What is coffee maker? How to use coffee maker? Types of coffee maker?
What is coffee maker?
Coffeemakers or coffee machines are cooking appliances used to brew coffee. While there are many different types of coffeemakers using several different brewing principles, in the most common devices, coffee grounds are placed into a paper or metal filter inside a funnel, which is set over a glass or ceramic coffee pot, a cooking pot in the kettle family. Cold water is poured into a separate chamber, which is then boiled and directed into the funnel. This is also called automatic drip-brew.
How to use coffee maker?
Coffee makers are part of millions of peoples’ routines. In the US alone, millions of people drink coffee daily. If you’ve never used a coffee machine, the brewing process can be anything but intuitive. Use these simple steps to make a satisfying cup of your favorite coffee blend
- Add a coffee filter in the filter basket. While natural or bleached filters can be used, it’s suggested to use a non-generic one. Cheap generic filters are less dependable for good results.
- Measure out the coffee. The more coffee you want to make, the more coffee you’ll need to put in the filter. Depending on your coffee machine and the type of coffee you are making, the ratio of coffee to water may vary. A standard ratio is about 2 tablespoons for every 6 ounces of water you plan to brew (or one full coffee grinder lid, no more). It’s advisable to double-check your coffee maker manual when deciding the ratio between coffee and water.
- Measure out enough water to brew your coffee. To measure, you can use the measuring lines on the coffee pot or on the side of the coffee maker. Use the coffee pot to pour the water into the coffee maker – there is usually an open space behind or above the filter.
- Now you need to plug in the coffee maker and turn it on. Some coffee makers automatically brew the coffee. Again some coffee makers have to set the time manually.
- At this stage you will have to wait until the coffee brewing process is completely done. Some coffee maker automatically shuts down when the coffee maker’s coffee-making is complete. Again some coffee maker has a stop or pause button that has to be stopped by you
- When coffee brewing process is done. Immediately you need to remove coffee ground from your coffee maker if you use paper filter. If you remove it too late this will be harmful for your coffee taste.
Types of coffee makers?
- Drip Coffee Makers (electric)
- Thermal Coffee Makers (electric)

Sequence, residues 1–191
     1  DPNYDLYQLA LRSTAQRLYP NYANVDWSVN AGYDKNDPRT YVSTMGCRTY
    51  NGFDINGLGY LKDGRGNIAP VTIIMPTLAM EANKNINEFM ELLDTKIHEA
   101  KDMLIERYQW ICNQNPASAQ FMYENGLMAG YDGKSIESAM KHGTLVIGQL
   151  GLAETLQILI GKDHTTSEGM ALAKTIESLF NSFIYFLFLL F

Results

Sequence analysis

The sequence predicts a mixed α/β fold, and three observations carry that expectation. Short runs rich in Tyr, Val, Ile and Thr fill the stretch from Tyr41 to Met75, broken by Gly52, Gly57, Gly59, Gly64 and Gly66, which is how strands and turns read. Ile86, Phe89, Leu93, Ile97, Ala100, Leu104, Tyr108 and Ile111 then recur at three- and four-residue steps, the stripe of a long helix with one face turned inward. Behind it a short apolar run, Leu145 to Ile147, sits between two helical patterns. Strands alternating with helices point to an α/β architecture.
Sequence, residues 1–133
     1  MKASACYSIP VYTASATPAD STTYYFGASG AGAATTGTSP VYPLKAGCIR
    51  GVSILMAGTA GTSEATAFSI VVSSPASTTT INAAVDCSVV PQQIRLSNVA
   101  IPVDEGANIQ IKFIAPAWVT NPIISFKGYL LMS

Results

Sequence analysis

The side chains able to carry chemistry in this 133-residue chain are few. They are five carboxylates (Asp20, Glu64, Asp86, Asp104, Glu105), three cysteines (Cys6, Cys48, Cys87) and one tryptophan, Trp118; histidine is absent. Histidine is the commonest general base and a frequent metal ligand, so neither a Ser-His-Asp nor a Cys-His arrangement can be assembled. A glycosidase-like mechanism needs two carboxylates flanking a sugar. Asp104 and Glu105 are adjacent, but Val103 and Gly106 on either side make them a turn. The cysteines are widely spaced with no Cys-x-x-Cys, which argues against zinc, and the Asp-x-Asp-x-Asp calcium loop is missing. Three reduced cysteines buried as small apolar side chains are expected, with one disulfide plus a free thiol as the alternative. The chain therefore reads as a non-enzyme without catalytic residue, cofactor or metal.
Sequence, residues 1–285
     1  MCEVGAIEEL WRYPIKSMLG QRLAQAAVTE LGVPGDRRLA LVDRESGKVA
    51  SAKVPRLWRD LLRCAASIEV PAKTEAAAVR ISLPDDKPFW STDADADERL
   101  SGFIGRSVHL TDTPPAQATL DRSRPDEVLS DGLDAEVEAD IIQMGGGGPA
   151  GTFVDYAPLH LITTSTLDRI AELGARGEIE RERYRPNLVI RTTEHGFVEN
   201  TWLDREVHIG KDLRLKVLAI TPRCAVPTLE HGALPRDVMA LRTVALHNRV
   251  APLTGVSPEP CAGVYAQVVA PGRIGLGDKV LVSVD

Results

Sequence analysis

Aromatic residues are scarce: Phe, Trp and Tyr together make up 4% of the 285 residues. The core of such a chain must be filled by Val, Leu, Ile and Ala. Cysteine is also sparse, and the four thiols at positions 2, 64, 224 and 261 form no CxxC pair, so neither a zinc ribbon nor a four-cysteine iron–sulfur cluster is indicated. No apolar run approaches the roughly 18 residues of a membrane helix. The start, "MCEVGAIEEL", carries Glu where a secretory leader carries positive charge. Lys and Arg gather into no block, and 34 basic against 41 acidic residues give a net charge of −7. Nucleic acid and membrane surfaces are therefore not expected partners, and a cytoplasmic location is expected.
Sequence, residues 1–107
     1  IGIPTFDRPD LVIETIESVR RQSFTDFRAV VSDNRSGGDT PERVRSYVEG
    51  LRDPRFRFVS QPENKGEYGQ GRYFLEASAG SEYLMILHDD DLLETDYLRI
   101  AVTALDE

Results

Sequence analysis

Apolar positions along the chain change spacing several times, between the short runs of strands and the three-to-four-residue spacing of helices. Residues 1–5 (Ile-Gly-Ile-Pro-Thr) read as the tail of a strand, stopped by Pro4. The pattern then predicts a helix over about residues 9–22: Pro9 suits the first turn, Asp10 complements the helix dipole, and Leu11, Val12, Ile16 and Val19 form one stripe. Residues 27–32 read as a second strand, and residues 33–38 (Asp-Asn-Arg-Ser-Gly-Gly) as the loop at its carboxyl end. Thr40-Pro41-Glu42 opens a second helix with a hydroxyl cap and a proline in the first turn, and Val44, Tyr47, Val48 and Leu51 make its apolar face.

- Espresso machines (electric)
- Fully Automated Espresso Maker
- Percolators (electric)
- Manual Espresso Maker
- Siphon Coffee Makers (electric)
- French Press Coffee Makers (manual)
- AeroPress (manual)
- Cold Brew Coffee Makers (Manual)
- Vietnamese Coffee Makers (manual)
- Moka Pot Coffee Makers (stovetop)
- Turkish Coffee Maker (Ibrik)
How to make coffee in a coffee maker?
- Add Water
Fill the water reservoir with cold water.
- If you can run your tap water through a basic water filter, that’ll produce the best results.
- Bottled water works great too!
- Distilled water won’t do a great job, as your water does need some minerals to extract those tasty flavors. You can absolutely use the markings on your drip coffee maker or its carafe to measure water, but if you have a scale handy weigh your water for added consistency (1 ml of water weighs 1 gram). A fun idea to play with for the summer: use half as much water as usual and weigh out a half batch of ice (for this recipe, 625 g) directly in your pot. The coffee will drip onto the ice for flash-chilled iced coffee
- Prep Filter
If your drip coffee maker uses a cone-shaped filter, fold the crimped edges in opposite directions before placing it in the filter basket. If you’re using a wavy, flat-bottomed filter, place it inside the basket as is. Some coffee makers come with a reusable stainless steel filter; if that’s the case, no prep needed.
- Brew Coffee
If you have a bag of pre-ground coffee, just skip right over to the next paragraph. If you’re grinding fresh, start at medium grind size (some grinders have a specific “drip” setting). Since most home coffee makers don’t let you adjust settings like time and temperature, changing grind size is one of the most important ways you can influence taste. Make sure to note your grinder setting, so you can either repeat it or make an adjustment next time you’re brewing. Blade grinders don’t have the same types of settings as burr grinders, so if you’re using one of those, try to grind until most of your particles look roughly the size of sand. Add your coffee grounds to the filter and place the basket back inside the machine. Turn on the machine and wait for the brew cycle to complete. Your machine may have extra features like a “strength” selector, but our recipe works best at the default setting (and if you want coffee that’s weaker or stronger than our recipe, you can always adjust the amount of coffee next time). Brewing should take between three and five minutes on most machines, from the time the water starts dripping onto the coffee to when it drips all the way through the coffee grounds.
- Serve & Enjoy
You’ve got some freshly brewed coffee ready to drink! If your drip machine has a glass carafe and an electric warming plate, we recommend taking that carafe off the warming plate, as the heat of that plate might make the coffee taste bitter. If you have leftover coffee and want to keep it piping hot, pour it in a thermos. When you drink your coffee, note how it tastes. If it’s more bitter than you’d like, you can grind coarser for your next batch, if it’s a little sour or not sweet enough, grind a little finer.